Uber restores something of this humanity, for better or worse. Drivers are typically chipper and friendly; some even invite you to sit in the front seat. Upon learning that I was from Toronto, Beth, one of my drivers, engaged me in a lengthy conversation about Drake and Degrassi Junior High, which somehow turned into a discussion of our respective countries attitudes toward racism. ("Your hearts are more progressive," she said of Canadians, which feels at once nice and sort of untrue.)
Another driver keeps the rear console cup holder filled with hard candy, as if the back seat of his Prius were your grandmother's living room. Another cursed not at me, but to me, as if we were old friends. In Santa Ana, one driver offered me gum. He had just eaten a bowl of pho and heard that spearmint would take the taste out of his mouth.
The only time I got the uncomfortable feeling of "Uh, I'm in a stranger's car" occurred when a driver in Costa Mesa told me that Uber is her third job and it helps her mourn her recently deceased husband. I was sympathetic, but accepting a ride from an overworked, recently widowed person I'd just met felt weird, if not out-and-out precarious. (Safety is one of the biggest criticisms of Uber. While incidents are rare, two weeks ago a driver in Mississauga, was charged with sexually assaulting a female passenger, and last week a Toronto man told The Globe and Mail he was forced to jump out of a moving car when his driver refused to stop.)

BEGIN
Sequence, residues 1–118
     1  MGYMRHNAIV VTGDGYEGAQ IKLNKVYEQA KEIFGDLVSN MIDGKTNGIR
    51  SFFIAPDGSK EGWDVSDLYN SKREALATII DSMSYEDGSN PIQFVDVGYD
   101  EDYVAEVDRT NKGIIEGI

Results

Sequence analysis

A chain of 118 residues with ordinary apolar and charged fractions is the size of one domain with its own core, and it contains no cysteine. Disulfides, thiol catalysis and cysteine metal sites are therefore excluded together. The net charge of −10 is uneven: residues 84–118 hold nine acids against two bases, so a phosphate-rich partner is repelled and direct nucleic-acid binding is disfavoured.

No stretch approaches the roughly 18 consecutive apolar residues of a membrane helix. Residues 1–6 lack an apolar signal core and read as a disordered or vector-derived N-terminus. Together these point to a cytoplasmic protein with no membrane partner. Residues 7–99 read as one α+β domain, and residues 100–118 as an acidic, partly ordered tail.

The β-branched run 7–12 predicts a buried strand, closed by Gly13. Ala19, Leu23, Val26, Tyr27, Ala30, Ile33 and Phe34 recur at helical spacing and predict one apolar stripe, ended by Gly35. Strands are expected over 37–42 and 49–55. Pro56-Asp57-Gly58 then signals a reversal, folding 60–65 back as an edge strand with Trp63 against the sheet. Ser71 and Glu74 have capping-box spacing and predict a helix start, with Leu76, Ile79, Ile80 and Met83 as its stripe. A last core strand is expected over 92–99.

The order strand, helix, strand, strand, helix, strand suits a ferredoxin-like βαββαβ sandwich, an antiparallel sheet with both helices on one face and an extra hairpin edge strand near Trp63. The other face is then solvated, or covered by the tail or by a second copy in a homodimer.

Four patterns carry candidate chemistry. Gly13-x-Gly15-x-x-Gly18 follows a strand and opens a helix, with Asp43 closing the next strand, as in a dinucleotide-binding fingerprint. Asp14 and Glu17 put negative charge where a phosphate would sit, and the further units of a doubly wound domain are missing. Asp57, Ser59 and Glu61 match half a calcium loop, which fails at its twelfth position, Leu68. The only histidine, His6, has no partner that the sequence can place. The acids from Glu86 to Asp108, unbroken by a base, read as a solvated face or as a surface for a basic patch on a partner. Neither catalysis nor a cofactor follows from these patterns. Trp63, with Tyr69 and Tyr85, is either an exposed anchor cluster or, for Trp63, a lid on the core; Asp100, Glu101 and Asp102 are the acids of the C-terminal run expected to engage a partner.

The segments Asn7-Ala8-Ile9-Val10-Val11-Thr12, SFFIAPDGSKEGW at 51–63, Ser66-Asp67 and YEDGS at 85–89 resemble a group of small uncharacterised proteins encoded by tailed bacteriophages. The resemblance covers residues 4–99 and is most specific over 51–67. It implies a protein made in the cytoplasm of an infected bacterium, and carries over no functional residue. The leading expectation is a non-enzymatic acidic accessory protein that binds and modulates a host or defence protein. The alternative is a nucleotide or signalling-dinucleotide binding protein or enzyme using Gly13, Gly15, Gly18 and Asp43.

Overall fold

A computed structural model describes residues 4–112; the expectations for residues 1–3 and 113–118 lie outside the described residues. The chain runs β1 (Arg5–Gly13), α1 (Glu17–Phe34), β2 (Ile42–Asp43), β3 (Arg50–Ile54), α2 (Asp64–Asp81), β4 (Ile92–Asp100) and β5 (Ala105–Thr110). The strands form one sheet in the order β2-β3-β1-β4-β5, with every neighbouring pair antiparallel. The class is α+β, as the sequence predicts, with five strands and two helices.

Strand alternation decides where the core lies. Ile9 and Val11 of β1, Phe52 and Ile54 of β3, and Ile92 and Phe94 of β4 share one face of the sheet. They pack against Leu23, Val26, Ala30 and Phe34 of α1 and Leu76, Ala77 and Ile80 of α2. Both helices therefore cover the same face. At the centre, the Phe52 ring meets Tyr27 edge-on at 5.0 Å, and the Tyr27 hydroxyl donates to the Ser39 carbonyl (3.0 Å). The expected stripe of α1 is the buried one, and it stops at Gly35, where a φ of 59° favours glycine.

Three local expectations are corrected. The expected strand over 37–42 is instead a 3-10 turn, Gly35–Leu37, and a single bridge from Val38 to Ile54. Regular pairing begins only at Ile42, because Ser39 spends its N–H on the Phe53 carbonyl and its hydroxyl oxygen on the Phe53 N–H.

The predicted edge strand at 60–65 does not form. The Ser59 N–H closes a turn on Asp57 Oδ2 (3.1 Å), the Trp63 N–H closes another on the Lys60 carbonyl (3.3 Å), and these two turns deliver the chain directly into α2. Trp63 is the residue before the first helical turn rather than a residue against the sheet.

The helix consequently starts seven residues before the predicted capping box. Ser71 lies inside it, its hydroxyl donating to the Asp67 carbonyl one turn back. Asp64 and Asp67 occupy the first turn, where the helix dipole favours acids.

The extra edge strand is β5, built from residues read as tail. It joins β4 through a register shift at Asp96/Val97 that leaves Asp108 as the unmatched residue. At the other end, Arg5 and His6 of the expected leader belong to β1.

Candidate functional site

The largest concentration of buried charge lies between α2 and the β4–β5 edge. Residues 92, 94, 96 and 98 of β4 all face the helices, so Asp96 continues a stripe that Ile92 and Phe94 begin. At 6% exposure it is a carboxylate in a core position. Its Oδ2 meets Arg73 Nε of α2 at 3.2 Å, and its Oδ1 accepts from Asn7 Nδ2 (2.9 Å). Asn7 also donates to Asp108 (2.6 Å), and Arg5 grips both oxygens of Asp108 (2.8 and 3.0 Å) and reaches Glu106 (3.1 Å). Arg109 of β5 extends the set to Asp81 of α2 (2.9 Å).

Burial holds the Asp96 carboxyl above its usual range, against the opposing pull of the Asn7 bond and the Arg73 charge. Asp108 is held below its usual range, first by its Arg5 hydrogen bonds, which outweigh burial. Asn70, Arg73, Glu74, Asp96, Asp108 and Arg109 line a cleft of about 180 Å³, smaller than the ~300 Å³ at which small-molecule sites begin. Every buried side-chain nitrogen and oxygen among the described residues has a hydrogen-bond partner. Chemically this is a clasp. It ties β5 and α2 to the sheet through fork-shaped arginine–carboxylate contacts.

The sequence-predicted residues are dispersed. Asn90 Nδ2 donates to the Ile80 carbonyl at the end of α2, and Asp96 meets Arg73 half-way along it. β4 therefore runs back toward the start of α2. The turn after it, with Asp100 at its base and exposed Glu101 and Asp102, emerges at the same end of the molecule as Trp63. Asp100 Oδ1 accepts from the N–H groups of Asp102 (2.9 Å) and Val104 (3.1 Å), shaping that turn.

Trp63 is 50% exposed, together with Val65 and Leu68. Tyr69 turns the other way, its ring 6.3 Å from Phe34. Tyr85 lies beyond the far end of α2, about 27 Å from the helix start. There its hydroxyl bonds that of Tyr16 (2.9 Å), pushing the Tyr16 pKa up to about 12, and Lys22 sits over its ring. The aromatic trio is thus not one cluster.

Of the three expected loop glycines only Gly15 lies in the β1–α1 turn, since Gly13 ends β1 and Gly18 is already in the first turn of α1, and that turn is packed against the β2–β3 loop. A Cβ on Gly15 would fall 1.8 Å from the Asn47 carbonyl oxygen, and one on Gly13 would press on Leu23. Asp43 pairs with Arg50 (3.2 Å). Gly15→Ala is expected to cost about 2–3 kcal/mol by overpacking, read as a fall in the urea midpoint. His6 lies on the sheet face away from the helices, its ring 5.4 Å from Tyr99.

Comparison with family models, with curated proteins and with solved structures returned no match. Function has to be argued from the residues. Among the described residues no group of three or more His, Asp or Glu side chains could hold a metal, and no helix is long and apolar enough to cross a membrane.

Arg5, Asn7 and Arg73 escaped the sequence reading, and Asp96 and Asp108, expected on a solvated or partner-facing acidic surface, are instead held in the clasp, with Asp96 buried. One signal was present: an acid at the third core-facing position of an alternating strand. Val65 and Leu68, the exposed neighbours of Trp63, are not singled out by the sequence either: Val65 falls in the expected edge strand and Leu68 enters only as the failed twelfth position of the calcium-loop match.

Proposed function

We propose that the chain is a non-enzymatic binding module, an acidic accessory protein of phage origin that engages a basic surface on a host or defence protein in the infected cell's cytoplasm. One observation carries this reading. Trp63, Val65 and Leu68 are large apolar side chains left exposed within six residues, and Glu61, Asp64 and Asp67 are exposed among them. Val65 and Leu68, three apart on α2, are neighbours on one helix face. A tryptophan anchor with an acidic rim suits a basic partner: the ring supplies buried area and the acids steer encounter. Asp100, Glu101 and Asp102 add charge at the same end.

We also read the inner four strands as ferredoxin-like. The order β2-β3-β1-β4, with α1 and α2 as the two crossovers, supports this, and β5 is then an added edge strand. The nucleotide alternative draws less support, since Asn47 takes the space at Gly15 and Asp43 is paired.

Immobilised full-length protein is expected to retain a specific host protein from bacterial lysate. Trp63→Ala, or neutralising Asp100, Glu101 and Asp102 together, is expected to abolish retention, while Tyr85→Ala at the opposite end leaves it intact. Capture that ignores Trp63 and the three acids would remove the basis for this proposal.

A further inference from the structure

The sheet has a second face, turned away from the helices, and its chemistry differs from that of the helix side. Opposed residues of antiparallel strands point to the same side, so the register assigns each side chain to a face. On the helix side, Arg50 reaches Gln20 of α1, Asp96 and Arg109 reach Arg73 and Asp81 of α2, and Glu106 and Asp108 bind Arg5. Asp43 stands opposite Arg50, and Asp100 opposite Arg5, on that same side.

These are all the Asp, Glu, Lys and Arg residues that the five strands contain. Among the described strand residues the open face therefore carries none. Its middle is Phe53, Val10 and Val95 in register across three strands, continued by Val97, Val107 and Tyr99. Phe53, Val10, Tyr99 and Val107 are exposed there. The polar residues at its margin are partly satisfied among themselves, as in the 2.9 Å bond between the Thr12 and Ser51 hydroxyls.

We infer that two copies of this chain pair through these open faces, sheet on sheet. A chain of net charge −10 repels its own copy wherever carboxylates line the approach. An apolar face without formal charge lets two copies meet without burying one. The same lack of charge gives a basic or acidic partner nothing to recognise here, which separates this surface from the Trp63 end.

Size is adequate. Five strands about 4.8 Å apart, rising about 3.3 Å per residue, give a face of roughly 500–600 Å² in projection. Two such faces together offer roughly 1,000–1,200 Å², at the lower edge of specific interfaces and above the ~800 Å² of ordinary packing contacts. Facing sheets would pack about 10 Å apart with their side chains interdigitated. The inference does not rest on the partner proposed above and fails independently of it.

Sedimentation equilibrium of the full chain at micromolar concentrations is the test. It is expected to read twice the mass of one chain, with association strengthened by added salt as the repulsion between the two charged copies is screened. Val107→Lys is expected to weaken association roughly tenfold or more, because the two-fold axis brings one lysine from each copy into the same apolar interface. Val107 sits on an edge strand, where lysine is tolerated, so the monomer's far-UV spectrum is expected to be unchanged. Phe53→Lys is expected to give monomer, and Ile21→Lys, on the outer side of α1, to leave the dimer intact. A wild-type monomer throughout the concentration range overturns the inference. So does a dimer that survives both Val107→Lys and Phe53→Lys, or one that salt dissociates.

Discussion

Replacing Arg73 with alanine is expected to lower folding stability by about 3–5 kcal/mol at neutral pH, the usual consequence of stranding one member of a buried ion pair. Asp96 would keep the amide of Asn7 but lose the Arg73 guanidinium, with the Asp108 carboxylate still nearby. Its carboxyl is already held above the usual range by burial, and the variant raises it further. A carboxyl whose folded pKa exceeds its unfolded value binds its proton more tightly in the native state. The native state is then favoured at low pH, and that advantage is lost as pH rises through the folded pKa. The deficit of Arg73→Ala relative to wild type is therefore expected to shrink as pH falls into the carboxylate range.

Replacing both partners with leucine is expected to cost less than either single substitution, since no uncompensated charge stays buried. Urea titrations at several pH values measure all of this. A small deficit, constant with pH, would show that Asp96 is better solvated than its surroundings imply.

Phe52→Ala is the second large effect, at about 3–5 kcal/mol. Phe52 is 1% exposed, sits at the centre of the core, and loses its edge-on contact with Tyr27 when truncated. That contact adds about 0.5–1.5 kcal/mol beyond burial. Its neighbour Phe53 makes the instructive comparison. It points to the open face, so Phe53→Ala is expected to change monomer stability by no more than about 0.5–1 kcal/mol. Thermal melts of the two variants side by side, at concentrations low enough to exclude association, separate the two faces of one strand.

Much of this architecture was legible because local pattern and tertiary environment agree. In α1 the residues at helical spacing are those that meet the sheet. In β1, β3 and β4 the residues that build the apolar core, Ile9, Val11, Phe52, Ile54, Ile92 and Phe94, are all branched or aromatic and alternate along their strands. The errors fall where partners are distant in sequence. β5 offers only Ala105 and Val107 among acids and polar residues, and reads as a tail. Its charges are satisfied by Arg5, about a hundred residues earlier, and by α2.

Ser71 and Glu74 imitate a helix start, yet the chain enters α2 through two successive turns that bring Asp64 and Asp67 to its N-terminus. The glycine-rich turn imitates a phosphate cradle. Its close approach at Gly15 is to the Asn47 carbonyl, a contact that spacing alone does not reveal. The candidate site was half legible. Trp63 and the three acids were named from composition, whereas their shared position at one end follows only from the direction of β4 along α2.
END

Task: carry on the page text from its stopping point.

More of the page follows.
Now, I understand that this niceness, friendliness and "Would you like some Dentyne?" amiability is yoked to the burdens of the service economy. Passengers rate drivers using a five-star system. William, who had only been Uber-ing people around for about a week, told me that anyone who falls below a 4.6 star rating is alerted of under-performance in a weekly dispatch sent from Uber HQ to all drivers and risks having his account deactivated.